Wednesday, March 27, 2013

The Number 27, Kobolds, and Connections

So, since I have commandeered the 27th of the month on the Mocha Memoirs blog for the next several months, I would like to introduce myself. My name is Jessica Housand-Weaver. I published the thriller, “The Scream of the Siren” with Mocha Memoirs Press and have also published and won awards for various short stories and poetry.

I’m feeling philosophical today, so I’m going to go ahead and discuss the number 27 since this is my
day of the month to titillate you. 27 is just a simple, relatively ordinary number that can’t possibly have anything to do with writing, right? WRONG! I am going to discuss how something like the number 27 can be used to make associations and even get ideas for writing. This should be a license to make manic correlations, brainstorm, and get the creative thought processes going. Everything in our lives, our world, and our relationships are so interlinked in layers upon layers of symbolism and meaning—and it can all be conjured up simply by thinking of a name or a number.

Take the number 27.

The first planetary nebula to ever be discovered is Messier 27, also known as M27, where it blazes 1,360 light years away in the Constellation Vulpecula. In fact, you can see it with binoculars if
you wanted. Those of you who aren’t astronomy fans, bear with me. The M27 is also an Infantry Automatic Rifle (IAR) developed for the United States Marine Corps. Totally different M27s here. You are going to get two completely different feelings thinking about M27 the nebula and M27 the automatic rifle.

The magic is that the associations happen in the brain making connections based on context, knowledge, comparisons, and emotions. M27 by itself is just a letter and a number. We attach the significance. In a sense, we even create the objects themselves inside our own heads and determine what they mean to us. (This, of course, has quantum physics implications which I will spare you from in this blog)

This is pretty much the same thing that writers do when they write. Readers do it too as they read. So our brains are communicating and making connections between us across space and time.
Ok, ok. So, what about the number 27 and writing? How can we connect them?

Let me bounce around a bit here. The atomic number for the element Cobalt happens to be 27. If you don’t already know, cobalt is a beautiful blue pigment with a haunting, glasslike hue. It has been used since ancient times for objects such as ceramics, particularly Chinese porcelain, jewelry, and in paints. It also has uses in concrete, magnetics, ophthalmoscopes, as a coenzyme for digesting certain vitamins, and as a metal.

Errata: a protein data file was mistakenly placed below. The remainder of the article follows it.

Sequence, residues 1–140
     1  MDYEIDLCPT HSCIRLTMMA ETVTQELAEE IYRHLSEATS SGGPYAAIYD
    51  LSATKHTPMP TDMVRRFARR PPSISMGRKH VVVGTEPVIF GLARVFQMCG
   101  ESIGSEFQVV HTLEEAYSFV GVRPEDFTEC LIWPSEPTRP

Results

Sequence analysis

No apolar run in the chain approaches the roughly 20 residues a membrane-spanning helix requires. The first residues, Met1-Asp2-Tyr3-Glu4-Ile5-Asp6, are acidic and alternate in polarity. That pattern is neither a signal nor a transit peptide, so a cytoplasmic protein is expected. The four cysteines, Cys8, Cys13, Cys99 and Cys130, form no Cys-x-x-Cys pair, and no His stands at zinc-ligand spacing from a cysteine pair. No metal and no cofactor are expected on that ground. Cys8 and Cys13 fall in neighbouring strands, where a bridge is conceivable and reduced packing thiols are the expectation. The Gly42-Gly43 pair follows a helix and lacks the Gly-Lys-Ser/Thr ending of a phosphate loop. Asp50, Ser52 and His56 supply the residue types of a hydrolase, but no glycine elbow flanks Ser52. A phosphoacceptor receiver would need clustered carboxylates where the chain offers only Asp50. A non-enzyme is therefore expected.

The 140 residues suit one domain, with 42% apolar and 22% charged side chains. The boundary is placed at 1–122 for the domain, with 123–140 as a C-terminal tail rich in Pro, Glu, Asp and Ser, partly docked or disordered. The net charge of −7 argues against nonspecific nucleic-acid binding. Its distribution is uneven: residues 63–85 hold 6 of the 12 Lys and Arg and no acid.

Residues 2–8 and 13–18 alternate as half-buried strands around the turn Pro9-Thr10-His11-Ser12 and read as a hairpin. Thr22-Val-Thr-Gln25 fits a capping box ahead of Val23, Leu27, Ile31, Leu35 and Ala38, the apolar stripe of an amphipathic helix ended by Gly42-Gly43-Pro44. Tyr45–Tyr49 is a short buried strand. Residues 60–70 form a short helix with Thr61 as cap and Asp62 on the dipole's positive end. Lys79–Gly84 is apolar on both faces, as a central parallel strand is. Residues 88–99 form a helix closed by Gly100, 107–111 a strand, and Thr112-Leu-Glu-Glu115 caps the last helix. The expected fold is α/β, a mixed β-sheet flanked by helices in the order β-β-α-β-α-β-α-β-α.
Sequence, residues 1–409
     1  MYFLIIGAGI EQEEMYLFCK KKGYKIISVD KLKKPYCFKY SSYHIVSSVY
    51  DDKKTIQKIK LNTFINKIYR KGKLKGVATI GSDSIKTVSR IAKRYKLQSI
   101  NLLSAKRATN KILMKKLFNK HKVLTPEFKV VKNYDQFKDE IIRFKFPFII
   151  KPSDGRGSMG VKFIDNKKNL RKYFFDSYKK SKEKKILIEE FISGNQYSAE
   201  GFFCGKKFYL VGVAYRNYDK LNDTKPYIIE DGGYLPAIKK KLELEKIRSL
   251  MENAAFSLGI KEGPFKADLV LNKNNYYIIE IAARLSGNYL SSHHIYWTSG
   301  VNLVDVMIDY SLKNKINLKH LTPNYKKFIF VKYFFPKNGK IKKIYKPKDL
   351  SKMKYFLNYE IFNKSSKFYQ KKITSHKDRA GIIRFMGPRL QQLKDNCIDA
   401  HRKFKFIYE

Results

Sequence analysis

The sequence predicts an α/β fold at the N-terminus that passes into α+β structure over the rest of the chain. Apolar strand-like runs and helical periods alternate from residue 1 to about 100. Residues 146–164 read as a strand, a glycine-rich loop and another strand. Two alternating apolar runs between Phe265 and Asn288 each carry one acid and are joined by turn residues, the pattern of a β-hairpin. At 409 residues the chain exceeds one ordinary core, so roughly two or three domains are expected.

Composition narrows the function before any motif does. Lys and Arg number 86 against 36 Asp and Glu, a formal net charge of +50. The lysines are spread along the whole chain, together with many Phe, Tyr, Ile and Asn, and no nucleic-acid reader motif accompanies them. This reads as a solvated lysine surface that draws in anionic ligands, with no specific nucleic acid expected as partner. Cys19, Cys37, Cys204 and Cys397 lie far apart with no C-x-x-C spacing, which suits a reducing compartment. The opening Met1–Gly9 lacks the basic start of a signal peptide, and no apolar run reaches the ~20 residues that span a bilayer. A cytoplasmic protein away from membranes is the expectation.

Now here is where it starts to get entertaining. The name for cobalt is based off a goblin from Germanic mythology and folklore called a kobold. Long ago, miners named the blue minerals “kobold ore” because they blamed the goblins for the poisonous, arsenic-containing fumes released during smelting that often polluted the other more desired ore.

Goblins, you say? Now this sounds familiar, something you might read in a fantasy novel. Something a writer might write.

The legends of kobolds describe several different types. One type is a capricious spirit that lives in the home and protects the household. The people living in the home are required to take care of them and feed them. In return, the kobold will help out with chores and even bring wealth. However, if the kobold is neglected or insulted in some way, it will often play a malicious prank on its hosts. Some of the fairytales of people trying to be rid of an annoying kobold are quite humorous.

As mentioned earlier, some kobolds make their home in caves and mines. They are excellent miners but tend to be very tricky and sometimes dangerous for miners to deal with. There is another group of kobold-like traditions associated with those that went aboard ships with the wood used to build them. These kobolds often helped sailors with work or could even save a sinking ship, although they could also become angered if disrespected and reap havoc on the ship.

Besides ancient legends and mythology, kobolds have made their more modern appearances in novels such as “American Gods” by Neil Gaiman and “Protector” by Larry Niven. They have also been made popular in role-playing games with fantasy elements.

The act of writing can be compared to a kobold in a lot of ways. You have to practice, respect, and nurture the skill or all that pent up energy leads to all kinds of less than positive outlets in your life. Believe me, I know.

By the way, all kobold’s aside, 27 is also the number of books in the popular Xanth fantasy series by Piers Anthony. If you are a fan of fantasy fiction, you should definitely read them.

So, hopefully now the number 27 has been given a little more substance. We’ve made some more connections regarding what had, at first, appeared to be just another day of the month. The number 27 now seems a little less ordinary. It has applications to something more than math or a banal date. But really, could I be featured on just any average day of the month? The number had to have significance, had to mean something associated with writing, had to connect us all in some way.

If I wanted to sermonize, I suppose the moral of this blog could be—make the connections and you’ll find a meaning worth sharing.

You can find Jessica's webpage at: for current news and publication information. You can also view her Facebook page at: or follow her on Twitter at: J_HW

You can find her debut thriller, “The Scream of the Siren” at 

Photo credits: <a href="">sofi01</a> / <a href=""></a> / <a href="">CC BY-NC</a> <a href="">Astro Guy</a> / <a href=""></a> / <a href="">CC BY-NC-ND</a> <a href="">mharrsch</a> / <a href=""></a> / <a href="">CC BY-NC-SA</a>

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